The ongoing recovery in the euro area economy is moderate and inflation is expected to remain low for some time. As a reaction to this, the ECB Governing Council decided in June 2014 on a combination of measures to support economic growth and enhance the transmission of monetary policy and lending to the real economy. 'We are conscious about the risks of a prolonged period of low inflation to price stability and recovery. Last week’s decisions show the ECB Governing Council's determination and capacity to act,' Bank of Finland Governor Erkki Liikanen stressed at today’s press briefing for publication of the new edition of the Bank’s journal Euro & talous.
The combination of measures included reductions in all ECB interest rates, and an offer for longer-term refinancing at a fixed rate for banks to grant new corporate loans. 'Our determination for keeping high monetary accommodation in view of the current outlook for inflation was further demonstrated by the commitment for a fixed rate tender procedure with full allotment in the regular ECB operations at least until the end of 2016,' stressed Governor Liikanen.
Finland’s GDP has now been declining for two successive years. A contraction in exports is linked to the ongoing restructuring of Finnish industry and the decline in cost-competitiveness. The prospects for growth have also been reduced by a reduction in the size of the working-age population.
According to the Bank of Finland’s new forecast, Finland’s GDP will not grow in the current year. In 2015–2016, the economy will grow by around 1.5% per annum. Output growth will predominantly be due to exports and a gradual recovery in investment. The forecast risks are weighted on the downside and relate to the recovery in the international economy and developments in Finland’s public finances and financial conditions. The employment situation will improve only marginally in the forecast period. The unemployment rate will still increase in 2014 but will come down to 7.8% in 2016. Finland’s inflation will be 1.5% in 2016, reflecting the weak economic situation and the moderate rise in wages.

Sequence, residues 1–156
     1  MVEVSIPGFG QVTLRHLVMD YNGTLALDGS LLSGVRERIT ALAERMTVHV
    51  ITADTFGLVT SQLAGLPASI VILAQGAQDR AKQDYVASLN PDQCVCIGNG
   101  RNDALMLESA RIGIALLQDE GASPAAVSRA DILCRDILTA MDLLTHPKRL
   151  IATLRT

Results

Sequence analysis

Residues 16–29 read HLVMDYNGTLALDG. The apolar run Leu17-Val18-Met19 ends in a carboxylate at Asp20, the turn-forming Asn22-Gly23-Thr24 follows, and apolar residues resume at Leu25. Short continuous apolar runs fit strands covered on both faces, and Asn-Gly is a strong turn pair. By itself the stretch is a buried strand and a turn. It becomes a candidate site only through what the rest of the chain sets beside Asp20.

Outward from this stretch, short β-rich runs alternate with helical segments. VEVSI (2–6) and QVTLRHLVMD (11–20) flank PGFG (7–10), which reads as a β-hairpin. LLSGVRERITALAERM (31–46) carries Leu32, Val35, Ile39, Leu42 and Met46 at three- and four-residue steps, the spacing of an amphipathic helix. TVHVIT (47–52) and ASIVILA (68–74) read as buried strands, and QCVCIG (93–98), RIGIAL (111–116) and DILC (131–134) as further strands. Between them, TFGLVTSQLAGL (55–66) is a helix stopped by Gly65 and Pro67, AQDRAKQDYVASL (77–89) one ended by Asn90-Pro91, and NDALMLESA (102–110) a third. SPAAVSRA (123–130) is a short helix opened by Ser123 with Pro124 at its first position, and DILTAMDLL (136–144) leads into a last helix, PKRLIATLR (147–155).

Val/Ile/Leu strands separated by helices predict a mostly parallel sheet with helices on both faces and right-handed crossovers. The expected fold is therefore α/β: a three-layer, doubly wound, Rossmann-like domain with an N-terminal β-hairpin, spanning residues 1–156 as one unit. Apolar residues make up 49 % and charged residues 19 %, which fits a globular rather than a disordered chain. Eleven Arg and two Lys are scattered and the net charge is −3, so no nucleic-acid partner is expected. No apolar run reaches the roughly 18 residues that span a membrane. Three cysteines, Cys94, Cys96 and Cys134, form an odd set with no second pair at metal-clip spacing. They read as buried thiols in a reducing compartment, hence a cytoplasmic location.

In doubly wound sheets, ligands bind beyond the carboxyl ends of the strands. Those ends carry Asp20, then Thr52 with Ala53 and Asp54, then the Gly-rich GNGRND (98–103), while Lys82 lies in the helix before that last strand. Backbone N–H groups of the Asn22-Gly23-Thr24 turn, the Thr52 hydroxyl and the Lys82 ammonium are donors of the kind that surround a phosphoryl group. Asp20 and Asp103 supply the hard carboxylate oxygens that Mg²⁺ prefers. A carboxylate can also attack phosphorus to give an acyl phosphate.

Improvement in cost-competitiveness will require that costs in Finland rise more slowly than in our trading partners for several years ahead. Employment and output can also be supported by fostering arrangements at company level that enable the employees to secure their jobs and employers to ensure the profitability.
Before the onset of the international financial crisis, Finland’s public finances were in a better condition than those of many other countries. In 2008–2013, the public sector structural deficit has increased exceptionally rapidly in Finland. Achievement of general government financial targets in the immediate years ahead is, in current circumstances, uncertain.
The notable structural changes in industry have weakened the Finnish growth potential significantly in the past years. Confidence in the longer-term outlook of the economy and in economic policy has so far been maintained. However, the economy’s long-term problems, which are structural in nature, cannot be resolved through general government deficits. ‘The agreements on structural reforms and on general government consolidation measures have been vitally important. If uncertainty were to arise regarding implementation of the decisions taken, the rebuilding of confidence requires more extensive measures in the future than those currently proposed,' said Governor Liikanen.
Euro & talous 3/2014 (in Finnish)